19805 and 90s fashions were all over London Fashion Week, and even the Beeb is getting in on it. Kirstin Innes thinks she smells revolution

his week's shopping pages were inspired

by Margaret Thatcher. Bear with us.

here. This is not a dubious excuse to tie the current vogue for padded shoulders back into some monstrous l‘)t<()s power-dressing aesthetic. as fashion editors always do whenever designer goes for the pussy bow"n‘pencil skirt fad. Nor are we suggesting that a return to that lady‘s politics is a feasible suggestion. We've actually been inspired by the telly. Lindsay Duncan‘s sterling turn in the BBC documentary .l'lurguret. backed up by a cabinet of lookylikey' Hurds and Lawsons and ('larkes (oh myll. left us feeling nostalgic fora time when baddies were baddies. goodies were

Ian Guy 19, Student

The jacket is Topman - it was cheap, and the shlrt's from Mr Ben’s vintage shop

I think the jeans are American Apparel - that’s my favourite place for jeans because you know what you’re getting there; _ . .- " they’re always good.

How would I describe the way I dress? Like a scarecrow, maybe? I’m not sure!

14 THE LIST 19 Mar—2 Apr 2009



\ .1“ 1;“... I found this earring when ; S M05353“ I was out In Ibiza.

My boots are Doc Martens. I think I got them in Schuh. The bag is just my folio - I’m an art student - and the vest is from Gap.

When I'm shopping in Glasgow, as well as staples like American Apparel, I like little vintage shops. We Love To Boogie just next to the motorway on Charing Cross is really good.

iiiiwam ltlltllllll}


goodies. and people didn‘t feel so apathetic about politics. In fact. they wore their politics all over their clothes. l)esigner Katharine llamnett (pictured. aboyel. with the Iron Lady's sloganeering T-shirts led the way for accessible. cheap and public rebellion; Spitting Image let the people know who the enemy was. and how to protest. People were much more engaged.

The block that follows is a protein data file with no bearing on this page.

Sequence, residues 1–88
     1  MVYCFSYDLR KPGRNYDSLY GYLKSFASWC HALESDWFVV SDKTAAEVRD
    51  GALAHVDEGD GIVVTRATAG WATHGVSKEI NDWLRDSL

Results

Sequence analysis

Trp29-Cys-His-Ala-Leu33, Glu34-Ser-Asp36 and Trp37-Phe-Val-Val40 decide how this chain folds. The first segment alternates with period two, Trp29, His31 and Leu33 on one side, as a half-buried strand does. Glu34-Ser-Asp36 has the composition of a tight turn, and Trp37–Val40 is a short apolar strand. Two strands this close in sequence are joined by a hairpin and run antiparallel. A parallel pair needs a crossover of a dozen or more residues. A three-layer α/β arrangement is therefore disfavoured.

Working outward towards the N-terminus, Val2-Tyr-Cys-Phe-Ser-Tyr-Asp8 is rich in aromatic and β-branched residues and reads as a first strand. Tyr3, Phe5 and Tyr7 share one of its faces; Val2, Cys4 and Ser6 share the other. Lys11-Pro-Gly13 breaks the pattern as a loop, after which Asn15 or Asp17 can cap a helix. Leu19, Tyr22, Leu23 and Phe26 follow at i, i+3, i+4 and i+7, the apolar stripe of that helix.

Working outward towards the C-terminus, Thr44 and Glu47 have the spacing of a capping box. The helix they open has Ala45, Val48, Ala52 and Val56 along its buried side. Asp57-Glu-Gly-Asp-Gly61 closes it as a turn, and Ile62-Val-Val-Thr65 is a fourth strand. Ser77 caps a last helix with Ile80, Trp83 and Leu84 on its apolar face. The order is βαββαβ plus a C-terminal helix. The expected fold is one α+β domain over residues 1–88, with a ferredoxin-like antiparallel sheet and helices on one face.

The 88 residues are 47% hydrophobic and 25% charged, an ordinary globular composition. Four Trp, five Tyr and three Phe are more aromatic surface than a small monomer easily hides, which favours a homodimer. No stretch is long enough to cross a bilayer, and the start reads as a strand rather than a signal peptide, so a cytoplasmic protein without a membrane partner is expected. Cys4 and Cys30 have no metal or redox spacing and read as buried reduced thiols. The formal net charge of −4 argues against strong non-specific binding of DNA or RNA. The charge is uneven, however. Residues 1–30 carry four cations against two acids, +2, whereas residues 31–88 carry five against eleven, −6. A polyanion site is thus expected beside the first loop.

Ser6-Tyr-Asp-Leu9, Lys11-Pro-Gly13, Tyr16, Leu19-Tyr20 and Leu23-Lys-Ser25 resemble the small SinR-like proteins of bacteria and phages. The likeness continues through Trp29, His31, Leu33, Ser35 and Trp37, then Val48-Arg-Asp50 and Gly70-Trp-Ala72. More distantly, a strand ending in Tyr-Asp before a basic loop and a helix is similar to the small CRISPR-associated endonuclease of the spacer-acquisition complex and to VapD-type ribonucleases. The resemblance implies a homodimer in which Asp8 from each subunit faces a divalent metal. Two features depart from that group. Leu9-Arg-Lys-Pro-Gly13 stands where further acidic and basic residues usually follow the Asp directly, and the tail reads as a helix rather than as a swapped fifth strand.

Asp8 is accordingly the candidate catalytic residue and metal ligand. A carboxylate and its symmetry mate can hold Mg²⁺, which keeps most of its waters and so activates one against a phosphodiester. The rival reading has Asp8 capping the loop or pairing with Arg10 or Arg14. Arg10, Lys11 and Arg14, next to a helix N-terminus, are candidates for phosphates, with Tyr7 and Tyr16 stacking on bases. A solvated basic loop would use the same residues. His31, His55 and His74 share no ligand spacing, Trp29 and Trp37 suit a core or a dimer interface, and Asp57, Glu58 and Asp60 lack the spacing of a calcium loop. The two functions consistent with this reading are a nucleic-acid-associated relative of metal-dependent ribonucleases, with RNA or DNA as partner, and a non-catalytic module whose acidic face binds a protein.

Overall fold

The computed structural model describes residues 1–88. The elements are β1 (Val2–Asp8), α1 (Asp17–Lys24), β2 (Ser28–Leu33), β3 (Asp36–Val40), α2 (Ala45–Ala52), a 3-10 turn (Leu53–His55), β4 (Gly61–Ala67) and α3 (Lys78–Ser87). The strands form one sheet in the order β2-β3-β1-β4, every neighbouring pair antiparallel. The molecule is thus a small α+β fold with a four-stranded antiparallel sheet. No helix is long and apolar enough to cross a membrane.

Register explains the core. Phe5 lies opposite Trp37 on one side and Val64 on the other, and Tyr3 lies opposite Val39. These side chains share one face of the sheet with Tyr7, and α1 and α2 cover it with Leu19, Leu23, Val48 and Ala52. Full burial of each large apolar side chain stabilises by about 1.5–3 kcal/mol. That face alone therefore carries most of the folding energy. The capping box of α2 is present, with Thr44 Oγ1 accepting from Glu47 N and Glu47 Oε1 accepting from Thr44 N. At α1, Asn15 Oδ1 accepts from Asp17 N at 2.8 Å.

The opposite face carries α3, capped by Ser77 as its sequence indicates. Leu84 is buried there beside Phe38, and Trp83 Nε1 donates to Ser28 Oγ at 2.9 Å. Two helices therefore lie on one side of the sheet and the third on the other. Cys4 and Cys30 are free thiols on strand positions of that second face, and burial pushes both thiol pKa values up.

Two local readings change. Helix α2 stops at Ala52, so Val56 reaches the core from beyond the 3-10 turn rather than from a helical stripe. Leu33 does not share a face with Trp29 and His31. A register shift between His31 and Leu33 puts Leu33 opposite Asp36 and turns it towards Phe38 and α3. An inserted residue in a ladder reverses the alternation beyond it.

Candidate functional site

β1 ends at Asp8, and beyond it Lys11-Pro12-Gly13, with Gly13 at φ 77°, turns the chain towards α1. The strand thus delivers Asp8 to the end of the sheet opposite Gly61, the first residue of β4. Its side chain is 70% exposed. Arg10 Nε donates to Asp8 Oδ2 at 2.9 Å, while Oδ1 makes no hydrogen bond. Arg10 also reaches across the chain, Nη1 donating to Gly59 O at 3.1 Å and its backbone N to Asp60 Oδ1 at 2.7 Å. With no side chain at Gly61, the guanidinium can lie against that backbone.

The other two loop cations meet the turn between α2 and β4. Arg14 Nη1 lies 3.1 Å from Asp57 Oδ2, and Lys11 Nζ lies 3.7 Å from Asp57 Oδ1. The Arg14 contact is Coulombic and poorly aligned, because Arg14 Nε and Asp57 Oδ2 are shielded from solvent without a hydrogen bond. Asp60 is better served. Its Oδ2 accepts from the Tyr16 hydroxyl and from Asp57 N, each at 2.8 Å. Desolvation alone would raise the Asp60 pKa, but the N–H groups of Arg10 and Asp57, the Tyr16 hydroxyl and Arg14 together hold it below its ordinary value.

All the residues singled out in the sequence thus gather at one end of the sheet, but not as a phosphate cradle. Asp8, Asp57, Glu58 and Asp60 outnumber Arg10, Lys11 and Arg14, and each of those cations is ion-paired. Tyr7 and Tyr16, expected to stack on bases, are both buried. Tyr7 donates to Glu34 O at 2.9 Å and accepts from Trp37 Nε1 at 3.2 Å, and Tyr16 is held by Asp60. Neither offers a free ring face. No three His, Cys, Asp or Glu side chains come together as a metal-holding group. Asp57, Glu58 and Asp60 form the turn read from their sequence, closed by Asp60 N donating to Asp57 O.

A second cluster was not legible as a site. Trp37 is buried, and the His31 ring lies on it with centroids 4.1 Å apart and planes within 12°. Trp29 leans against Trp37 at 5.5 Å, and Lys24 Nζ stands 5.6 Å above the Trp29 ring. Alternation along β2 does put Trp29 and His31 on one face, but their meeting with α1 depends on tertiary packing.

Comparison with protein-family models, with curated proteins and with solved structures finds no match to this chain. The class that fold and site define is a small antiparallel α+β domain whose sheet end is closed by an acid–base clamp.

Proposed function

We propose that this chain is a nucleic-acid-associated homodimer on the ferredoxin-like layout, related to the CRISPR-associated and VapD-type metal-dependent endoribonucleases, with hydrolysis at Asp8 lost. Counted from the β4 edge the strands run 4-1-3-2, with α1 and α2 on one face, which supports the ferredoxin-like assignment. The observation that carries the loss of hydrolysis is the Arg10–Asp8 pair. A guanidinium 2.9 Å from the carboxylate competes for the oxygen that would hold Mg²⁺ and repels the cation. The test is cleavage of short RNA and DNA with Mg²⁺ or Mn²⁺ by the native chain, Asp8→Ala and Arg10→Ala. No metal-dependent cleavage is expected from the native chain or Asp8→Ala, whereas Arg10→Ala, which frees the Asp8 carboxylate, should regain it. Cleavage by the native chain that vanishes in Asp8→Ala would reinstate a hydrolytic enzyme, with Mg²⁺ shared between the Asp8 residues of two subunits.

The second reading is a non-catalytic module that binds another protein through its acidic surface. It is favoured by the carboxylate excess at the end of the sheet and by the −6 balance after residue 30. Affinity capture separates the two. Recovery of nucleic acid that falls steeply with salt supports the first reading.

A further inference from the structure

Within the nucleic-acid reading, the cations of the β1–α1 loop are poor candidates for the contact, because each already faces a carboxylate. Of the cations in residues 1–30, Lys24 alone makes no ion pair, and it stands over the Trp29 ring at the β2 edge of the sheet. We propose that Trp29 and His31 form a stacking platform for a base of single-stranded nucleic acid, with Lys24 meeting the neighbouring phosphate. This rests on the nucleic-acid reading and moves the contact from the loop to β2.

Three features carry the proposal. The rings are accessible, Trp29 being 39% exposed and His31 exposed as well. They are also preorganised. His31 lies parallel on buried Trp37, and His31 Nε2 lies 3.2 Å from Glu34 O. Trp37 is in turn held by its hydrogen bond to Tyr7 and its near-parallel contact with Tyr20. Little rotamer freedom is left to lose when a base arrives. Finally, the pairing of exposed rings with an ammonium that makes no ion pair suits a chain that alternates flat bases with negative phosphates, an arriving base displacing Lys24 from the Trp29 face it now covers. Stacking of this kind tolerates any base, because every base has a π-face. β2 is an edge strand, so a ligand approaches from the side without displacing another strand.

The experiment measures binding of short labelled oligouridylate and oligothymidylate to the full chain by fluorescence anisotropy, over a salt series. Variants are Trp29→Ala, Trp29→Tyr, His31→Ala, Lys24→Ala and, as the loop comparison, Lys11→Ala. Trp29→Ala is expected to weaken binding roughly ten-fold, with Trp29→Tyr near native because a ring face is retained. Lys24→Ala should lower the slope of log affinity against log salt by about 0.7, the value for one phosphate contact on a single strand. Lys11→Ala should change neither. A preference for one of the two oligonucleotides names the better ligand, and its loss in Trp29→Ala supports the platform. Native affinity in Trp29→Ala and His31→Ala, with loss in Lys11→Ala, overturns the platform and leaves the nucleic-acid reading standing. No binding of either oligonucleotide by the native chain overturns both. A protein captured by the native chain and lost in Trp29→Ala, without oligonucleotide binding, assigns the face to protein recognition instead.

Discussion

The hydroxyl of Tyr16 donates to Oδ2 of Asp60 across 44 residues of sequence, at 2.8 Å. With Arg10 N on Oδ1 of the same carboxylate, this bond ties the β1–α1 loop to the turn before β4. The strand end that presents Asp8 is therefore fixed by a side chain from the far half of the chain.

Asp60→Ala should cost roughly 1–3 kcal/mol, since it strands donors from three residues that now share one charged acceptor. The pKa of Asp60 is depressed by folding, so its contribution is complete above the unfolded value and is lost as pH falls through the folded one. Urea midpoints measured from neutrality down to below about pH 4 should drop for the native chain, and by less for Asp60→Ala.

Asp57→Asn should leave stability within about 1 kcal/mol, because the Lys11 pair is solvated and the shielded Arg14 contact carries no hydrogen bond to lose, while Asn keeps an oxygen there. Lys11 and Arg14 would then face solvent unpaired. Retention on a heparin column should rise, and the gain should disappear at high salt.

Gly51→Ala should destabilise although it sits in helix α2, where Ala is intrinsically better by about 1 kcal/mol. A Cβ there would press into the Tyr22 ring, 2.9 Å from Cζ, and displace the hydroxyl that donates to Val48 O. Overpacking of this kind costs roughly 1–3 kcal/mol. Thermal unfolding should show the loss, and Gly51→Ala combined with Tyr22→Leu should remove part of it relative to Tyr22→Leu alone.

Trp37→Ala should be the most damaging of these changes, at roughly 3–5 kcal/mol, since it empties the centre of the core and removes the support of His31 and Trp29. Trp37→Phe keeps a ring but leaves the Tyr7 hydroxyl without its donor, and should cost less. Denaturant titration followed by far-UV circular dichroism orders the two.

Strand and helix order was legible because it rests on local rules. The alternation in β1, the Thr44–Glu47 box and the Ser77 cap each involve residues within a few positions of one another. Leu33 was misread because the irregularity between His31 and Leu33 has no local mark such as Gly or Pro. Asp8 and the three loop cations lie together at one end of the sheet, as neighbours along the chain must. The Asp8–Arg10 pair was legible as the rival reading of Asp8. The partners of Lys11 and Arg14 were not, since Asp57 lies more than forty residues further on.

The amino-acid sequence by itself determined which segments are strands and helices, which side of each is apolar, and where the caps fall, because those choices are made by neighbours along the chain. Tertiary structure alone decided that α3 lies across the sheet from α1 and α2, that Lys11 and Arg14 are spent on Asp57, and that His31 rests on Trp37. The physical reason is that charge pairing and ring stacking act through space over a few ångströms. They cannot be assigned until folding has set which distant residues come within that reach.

At The List. we've been predicting a revival of late l‘)8()s~early l‘)‘)()s fashion ever since ‘recession’ replaced 'credit crunch‘ as the newscasters‘ bun word. First of all. consumers historically veer towards brighter. cheaper. recycled clothes during economic downturns: secondly. as this is something that is going to affect all of us. even the most apathetic couch potato is going to have to get political. We hope. We hope.

It‘s not just us. either: as well as their Thatcher biopic. episode three of the BB(”s excellent supernatural drama Being Human was comprehensively' nicked by (iilbert the mournful l‘)t<()s ghost. protest pin badges attached to his donkey jacket. Walkman blaring Smiths songs surgically attached to his ears. The very recent London l’ashion Week bore us out. too: Marc Jacobs started it. with neon graffiti-splattered bikinis: however. just daubing 'l.ouis \’uitton' all over yourself is the very opposite to what we‘re getting at. Much better was Luella Bartley"s attempt to revive the skin-tight leather. artful slashing and DIY aesthetic of late punk and early dance culture; her models wore Mohawks. dyed their fringes with cheap neon paint. and walked with attitude.

()n the opposite page. we‘ve pulled together a budget guide to the look: sloganeering tees and badges. a bit of neon. a couple of safety pins and the odd cheeky curveball (check out l.a/.y' ()af's fake fox stole). We‘ve stuck mostly to independent designers. and everything‘s under £30. too. We even negotiated a special List reader deal on this T-shirt by indie brand Money (see opposite. no.l()): the design is an angry poster famously pinned to the door of a New York bank shut down during the last recession in l987. Timely"? Well. quite.